Connecting the Unconnected: How Satellite Bridges the Digital Divide

Steve Collar, CEO of SES

November 2015 was a turning point for the West African country of Burkina Faso. More than 3 million citizens turned out to cast ballots in a presidential and legislative election that has been widely recognized as a critical moment in that country’s development.

SES Networks and its advanced satellite technology played a significant role in that pivotal event. Working with Commission Electorale Nationale Independante, Burkina Faso’s electoral commission, and other partners, SES provided a satellite broadband solution that enabled the secure digital transmission of the electoral results. Electoral district offices equipped with VSAT stations enabled the transmission of votes to the central election site in the capital city of Ouagadougou, and allowed the country’s public television station to broadcast results on a near real-time basis, ensuring that citizens could follow the elections regardless of where they were located.

The Power of Connectivity

The Burkinabe elections are a key example of how broadband connectivity has played – and continues to play – a major role in the political, economic and social development of emerging markets. The World Bank has projected that raising Internet penetration to 75% of the population in all developing countries would add up to US$2 trillion to their collective GDP, and increasing access to broadband connectivity would pave the way for improvements in education, healthcare and job creation, particularly in remote and impoverished areas. Yet according to the World Bank only about 35% of the population in developing countries has access to the Internet, versus about 80% in more developed markets.

Too often the very regions that can benefit the most from broadband connectivity are those with the least access to it, due largely to the cost of deploying terrestrial networks. Satellite operators such as SES are essential for closing that digital divide and expanding the availability of affordable and timely broadband connectivity in countries such as Burkina Faso. The ubiquity and resilience of satellite technology makes it the optimal solution to bring connectivity to the world’s most remote and hard-to-reach regions. A few examples:

  • Danish company Bluetown delivers a managed WiFi solution – using SES satellite capacity – to provide broadband services for wind energy plants in remote areas of Brazil
  • Mobile operator Digicel Pacific is partnering with SES Networks to deliver high-speed broadband residents of Papua New Guinea via SES’s O3b Medium Earth Orbit (MEO) satellites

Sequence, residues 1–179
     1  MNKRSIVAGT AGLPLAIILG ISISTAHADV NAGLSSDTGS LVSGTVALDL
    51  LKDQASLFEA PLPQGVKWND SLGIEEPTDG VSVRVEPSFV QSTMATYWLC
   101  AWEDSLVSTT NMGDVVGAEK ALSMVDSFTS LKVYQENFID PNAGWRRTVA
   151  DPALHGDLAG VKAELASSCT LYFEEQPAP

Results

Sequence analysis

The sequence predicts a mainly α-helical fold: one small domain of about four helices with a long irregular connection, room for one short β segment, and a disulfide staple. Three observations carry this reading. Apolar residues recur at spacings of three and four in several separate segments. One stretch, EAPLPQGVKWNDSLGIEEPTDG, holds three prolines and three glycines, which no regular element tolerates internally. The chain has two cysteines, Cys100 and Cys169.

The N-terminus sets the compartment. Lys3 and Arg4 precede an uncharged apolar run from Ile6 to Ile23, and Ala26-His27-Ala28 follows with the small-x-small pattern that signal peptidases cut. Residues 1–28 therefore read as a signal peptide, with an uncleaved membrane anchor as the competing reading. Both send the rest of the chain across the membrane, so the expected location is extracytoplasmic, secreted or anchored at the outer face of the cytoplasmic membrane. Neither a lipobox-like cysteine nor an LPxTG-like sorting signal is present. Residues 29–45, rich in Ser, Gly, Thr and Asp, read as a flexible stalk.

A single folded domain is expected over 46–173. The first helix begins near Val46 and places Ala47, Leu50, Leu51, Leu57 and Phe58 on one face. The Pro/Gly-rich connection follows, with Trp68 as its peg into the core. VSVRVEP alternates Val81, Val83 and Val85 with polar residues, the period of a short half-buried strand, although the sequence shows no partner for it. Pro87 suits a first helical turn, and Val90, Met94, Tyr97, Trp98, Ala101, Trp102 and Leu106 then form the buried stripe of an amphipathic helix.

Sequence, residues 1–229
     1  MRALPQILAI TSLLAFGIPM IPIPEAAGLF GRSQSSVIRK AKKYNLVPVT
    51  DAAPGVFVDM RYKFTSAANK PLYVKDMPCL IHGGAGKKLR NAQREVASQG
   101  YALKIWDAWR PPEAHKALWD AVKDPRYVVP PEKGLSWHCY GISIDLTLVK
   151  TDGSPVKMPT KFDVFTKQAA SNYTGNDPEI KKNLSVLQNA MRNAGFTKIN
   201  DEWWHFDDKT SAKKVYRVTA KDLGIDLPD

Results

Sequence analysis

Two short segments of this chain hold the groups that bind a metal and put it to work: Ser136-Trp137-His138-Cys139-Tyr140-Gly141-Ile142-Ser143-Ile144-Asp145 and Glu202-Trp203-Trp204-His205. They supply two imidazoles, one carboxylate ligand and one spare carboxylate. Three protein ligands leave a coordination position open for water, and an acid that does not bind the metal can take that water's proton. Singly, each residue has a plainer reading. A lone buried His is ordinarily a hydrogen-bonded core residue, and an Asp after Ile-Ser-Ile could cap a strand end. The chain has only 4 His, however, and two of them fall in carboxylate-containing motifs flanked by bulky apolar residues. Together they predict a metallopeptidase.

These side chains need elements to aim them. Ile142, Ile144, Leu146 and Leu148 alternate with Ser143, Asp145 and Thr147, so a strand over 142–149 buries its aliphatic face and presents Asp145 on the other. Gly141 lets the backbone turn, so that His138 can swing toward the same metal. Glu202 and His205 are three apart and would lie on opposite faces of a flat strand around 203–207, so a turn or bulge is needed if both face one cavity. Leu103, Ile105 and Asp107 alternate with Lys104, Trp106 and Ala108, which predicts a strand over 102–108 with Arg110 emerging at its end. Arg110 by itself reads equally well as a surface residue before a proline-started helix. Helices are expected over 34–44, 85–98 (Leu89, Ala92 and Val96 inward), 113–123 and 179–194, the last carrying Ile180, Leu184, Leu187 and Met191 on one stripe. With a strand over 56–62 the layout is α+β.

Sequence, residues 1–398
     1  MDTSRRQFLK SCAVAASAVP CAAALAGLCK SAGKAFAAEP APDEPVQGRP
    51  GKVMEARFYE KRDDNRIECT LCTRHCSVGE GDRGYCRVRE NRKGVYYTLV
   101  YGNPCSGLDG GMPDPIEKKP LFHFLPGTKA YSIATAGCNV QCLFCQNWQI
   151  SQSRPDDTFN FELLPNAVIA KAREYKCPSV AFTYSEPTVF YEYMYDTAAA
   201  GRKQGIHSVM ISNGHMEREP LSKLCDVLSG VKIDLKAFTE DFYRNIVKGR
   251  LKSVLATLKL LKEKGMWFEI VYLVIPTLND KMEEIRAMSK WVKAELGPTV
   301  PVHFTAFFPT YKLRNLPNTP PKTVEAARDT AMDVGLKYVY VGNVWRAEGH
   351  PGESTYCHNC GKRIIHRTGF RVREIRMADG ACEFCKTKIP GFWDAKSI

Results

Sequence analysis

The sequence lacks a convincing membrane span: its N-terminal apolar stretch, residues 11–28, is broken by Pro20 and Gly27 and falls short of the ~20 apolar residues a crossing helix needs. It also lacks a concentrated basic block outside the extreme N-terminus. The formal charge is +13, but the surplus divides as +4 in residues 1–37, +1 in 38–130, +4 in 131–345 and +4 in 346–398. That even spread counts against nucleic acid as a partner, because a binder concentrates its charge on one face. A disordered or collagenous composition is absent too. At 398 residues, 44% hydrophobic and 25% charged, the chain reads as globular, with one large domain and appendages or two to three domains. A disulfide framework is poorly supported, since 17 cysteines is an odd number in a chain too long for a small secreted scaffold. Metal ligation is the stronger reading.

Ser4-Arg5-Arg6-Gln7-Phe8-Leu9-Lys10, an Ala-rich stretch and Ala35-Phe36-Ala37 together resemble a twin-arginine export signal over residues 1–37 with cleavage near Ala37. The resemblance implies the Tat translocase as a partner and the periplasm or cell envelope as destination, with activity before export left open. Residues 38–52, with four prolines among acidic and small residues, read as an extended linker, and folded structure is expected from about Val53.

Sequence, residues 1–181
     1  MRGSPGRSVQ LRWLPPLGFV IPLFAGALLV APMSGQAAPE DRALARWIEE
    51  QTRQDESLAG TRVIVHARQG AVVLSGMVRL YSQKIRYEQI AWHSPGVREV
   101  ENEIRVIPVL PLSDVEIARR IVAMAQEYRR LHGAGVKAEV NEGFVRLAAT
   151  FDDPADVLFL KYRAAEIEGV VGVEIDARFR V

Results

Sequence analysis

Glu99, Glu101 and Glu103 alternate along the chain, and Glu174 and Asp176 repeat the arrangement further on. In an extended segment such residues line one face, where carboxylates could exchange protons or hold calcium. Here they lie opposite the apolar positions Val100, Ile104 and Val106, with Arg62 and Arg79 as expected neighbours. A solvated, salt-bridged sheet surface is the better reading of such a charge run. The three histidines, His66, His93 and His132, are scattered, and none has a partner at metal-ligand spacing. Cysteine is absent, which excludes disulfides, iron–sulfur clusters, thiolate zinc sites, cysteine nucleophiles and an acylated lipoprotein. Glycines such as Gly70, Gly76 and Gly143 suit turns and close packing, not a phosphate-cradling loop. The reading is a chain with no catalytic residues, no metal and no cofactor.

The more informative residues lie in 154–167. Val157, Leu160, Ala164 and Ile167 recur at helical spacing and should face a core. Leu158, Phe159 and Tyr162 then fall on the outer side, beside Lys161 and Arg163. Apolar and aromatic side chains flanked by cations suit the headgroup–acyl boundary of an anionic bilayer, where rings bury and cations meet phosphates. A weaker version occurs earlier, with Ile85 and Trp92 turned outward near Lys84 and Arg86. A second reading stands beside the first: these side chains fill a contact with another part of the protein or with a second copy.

• Satellite technology is being used to ensure the resilience of digital infrastructure by providing a diverse communications path, particularly in times of emergency or disasters, such as when a subsea cable from Fiji to Tonga failed earlier this year and in Mozambique after the recent cyclones

A Bridge to the Future

New High Throughput Satellites (HTS) – using a variety of frequency bands and satellite orbits – make satellite connectivity even more valuable to emerging markets by dramatically increasing the supply of bandwidth and reducing the cost-per-bit. For example, SES MEO constellation can provide high-throughput, fiber-like connectivity to anywhere in Africa, including landlocked areas far from submarine cable landing points. Similarly, our HTS geostationary satellites support bandwidth-heavy applications in emerging markets.

High-speed, low-latency broadband communications have the potential to transform communities, economies and lives. The cost and complexity of deploying terrestrial networks means that too many regions are at risk of being left behind. Satellite technology can help mitigate that risk, providing a bridge across the digital divide to ensure that high-quality, reliable connectivity is available to those who need it most.

Steve Colar

Steve Collar was appointed CEO of SES in April 2018. He had been the CEO of SES Networks since May 2017. Prior to SES Networks, he was CEO of O3b Networks and guided the company through the successful build and launch of its constellation of state-of-the-art satellites. In 2015, O3b Networks became the fastest growing satellite operator in history. In 2016, O3b was fully acquired by SES and now forms an integral part of SES Networks.
Steve is a satellite industry veteran, having previously worked in a variety of commercial, business development and technical roles at SES WORLD SKIES, New Skies Satellites, Astrium and Matra Marconi Space (now Airbus), and is a British national.

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